The Office of Inspector General (OIG) of the U.S. Department of Health & Human Services (HHS) released an advisory opinion on June 27, 2013 in reference to the use of a “preferred hospital” network as part of certain Medicare Supplemental Health Insurance (“Medigap”) policies. Under these policies, a licensed offeror of Medigap policies and other health insurance products would indirectly contract with hospitals for discounts on the otherwise applicable Medicare inpatient deductibles for its policyholders (“Insurer”). The company would in turn provide a premium credit ranging from $100 to $150 to policyholders who use a network hospital for an inpatient stay. The question presented was whether that “Proposed Plan” violates the Section 1128A and B of the federal Anti-Kickback Statute.

Section 1128B(b) of the Act makes it a criminal offense to knowingly and willfully offer, pay, solicit, or receive any remuneration to induce or reward referrals of items or services reimbursable by a federal health care program. Where remuneration is paid purposefully to induce or reward referrals of items or services payable by a federal health care program, the Anti-Kickback Statute is violated. By its terms, the statute ascribes criminal liability to parties on both sides of an impermissible “kickback” transaction. For purposes of the Anti-Kickback Statute, “remuneration” includes the transfer of anything of value, directly or indirectly, overtly or covertly, in cash or in kind.

The OIG stated in its advisory opinion the the Proposed Arrangement is a straightforward agreement by the Network Hospitals to discount the Medicare inpatient deductible for the Insurer’s policyholders, an amount for which the Insurer otherwise would be liable. The OIG stated that the law is clear that prohibited remuneration under the Anti-Kickback Statute may include waivers of Medicare cost sharing amounts. It went on to say that relief of a financial obligation may constitute a prohibited kickback.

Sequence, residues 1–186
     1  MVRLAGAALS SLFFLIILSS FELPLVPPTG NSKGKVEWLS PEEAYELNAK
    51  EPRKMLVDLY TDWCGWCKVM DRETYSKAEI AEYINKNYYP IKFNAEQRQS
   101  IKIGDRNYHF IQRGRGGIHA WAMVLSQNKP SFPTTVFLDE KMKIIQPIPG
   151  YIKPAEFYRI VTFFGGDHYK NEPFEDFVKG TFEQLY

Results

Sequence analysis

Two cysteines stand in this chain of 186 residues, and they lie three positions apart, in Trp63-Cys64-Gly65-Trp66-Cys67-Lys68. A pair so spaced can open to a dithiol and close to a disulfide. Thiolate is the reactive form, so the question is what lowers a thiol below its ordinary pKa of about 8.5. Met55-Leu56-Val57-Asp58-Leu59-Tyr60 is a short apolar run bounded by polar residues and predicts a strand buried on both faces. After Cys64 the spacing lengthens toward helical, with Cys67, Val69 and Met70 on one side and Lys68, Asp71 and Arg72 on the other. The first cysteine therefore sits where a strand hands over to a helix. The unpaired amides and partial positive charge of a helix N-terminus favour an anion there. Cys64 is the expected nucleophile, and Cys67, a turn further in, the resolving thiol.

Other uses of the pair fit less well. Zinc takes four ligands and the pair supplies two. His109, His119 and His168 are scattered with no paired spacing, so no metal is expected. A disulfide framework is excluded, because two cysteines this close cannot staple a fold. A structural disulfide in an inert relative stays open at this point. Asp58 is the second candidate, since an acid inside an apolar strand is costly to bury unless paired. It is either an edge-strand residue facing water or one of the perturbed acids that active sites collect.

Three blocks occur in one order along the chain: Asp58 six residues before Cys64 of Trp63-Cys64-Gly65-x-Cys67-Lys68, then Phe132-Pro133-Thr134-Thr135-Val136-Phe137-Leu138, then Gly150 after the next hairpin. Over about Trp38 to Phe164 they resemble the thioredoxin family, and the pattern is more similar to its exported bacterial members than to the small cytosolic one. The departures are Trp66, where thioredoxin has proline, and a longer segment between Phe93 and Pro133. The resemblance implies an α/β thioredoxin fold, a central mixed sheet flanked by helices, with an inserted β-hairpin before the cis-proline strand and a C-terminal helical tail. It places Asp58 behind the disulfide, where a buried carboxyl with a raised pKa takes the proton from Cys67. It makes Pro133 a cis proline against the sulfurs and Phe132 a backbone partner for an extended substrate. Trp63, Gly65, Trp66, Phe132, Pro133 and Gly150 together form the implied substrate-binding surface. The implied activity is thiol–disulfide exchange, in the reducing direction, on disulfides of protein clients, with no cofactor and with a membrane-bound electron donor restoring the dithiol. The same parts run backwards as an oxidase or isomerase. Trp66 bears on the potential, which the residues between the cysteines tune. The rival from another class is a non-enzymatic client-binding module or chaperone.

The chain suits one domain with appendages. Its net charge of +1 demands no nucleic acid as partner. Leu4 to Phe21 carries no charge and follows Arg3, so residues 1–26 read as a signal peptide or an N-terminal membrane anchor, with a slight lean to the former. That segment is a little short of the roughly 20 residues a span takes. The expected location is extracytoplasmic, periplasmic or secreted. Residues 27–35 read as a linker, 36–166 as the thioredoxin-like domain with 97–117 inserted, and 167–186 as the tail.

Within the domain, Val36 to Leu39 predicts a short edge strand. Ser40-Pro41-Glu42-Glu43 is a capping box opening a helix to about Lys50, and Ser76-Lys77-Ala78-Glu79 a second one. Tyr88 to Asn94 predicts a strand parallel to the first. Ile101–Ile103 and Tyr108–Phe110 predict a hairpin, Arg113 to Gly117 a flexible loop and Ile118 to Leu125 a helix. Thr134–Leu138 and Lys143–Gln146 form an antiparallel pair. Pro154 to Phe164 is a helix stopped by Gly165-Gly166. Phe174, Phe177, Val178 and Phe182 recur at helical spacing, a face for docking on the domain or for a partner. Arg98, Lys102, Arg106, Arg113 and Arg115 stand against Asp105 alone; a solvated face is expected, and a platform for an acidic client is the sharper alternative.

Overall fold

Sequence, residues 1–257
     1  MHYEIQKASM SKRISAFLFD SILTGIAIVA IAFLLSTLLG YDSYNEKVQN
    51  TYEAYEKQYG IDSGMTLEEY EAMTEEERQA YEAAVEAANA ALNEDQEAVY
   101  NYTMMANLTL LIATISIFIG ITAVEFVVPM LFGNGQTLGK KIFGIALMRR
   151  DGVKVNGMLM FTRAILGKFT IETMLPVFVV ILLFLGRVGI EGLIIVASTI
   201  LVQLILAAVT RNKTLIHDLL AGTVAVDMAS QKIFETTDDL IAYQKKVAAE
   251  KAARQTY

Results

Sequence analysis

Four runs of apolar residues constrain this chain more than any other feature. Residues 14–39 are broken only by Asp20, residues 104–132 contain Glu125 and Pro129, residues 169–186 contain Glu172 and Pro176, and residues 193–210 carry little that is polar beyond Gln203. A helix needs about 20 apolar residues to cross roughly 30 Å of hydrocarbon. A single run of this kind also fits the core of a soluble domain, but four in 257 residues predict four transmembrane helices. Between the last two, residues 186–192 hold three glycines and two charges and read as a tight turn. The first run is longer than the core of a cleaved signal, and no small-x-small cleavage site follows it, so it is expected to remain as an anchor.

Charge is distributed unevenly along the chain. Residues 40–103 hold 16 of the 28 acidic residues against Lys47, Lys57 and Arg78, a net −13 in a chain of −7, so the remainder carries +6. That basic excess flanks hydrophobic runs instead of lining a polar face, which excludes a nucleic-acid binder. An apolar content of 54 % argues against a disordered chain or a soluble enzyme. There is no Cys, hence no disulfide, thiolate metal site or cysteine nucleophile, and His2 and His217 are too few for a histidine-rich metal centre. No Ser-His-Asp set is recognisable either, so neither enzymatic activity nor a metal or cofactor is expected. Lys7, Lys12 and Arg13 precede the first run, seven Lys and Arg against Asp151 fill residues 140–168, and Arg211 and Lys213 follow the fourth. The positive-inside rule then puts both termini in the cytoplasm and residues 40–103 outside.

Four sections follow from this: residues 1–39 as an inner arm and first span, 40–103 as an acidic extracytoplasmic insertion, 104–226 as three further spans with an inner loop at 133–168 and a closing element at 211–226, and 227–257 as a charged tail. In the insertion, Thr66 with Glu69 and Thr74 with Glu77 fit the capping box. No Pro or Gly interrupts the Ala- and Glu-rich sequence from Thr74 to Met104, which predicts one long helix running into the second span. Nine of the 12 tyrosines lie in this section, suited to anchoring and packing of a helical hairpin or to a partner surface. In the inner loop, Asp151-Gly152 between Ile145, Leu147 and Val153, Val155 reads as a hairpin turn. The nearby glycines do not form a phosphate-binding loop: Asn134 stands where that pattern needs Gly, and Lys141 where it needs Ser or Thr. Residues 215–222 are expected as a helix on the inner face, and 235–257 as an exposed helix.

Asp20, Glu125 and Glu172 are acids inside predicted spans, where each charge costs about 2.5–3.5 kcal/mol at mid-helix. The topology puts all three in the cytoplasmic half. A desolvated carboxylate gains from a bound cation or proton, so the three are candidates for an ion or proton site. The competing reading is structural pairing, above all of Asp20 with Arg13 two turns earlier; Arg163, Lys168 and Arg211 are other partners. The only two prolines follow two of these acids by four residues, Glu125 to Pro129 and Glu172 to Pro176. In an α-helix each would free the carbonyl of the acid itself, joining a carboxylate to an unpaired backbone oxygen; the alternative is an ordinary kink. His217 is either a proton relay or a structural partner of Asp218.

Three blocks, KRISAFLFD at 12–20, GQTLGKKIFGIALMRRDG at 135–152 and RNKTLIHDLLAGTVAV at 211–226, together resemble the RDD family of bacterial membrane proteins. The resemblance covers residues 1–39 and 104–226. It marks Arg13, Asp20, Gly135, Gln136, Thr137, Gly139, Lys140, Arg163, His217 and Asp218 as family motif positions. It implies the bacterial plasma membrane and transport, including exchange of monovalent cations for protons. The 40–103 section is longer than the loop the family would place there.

However, after careful review of the proposed plan, OIG concluded that the Proposed Arrangement would not constitute grounds for the imposition of civil monetary penalties. It came to that conclusion by explaining that the discounts and premium credits would not increase or affect per-service Medicare payments. Further, the Proposed Arrangement would be unlikely to increase utilization as it would not unfairly impact competition among hospitals. In addition, the Proposed Arrangement would be unlikely to affect professional medical judgment, because the policyholders’ physicians and surgeons would receive no remuneration, and the policyholder would remain free to go to any hospital without incurring any additional out-of-pocket expense. Finally, the OIG stated that the Proposed Arrangement has the potential to lower Medigap costs for the policyholders who select network hospitals, without increasing costs to those who do not.

Thus, based on the totality of the facts and circumstances, and given the sufficiently low risk of fraud or abuse and the potential for savings for beneficiaries, the OIG stated that they would not impose administrative sanctions under the Anti-Kickback Statute or the prohibition on inducements to beneficiaries in connection with the Proposed Arrangement.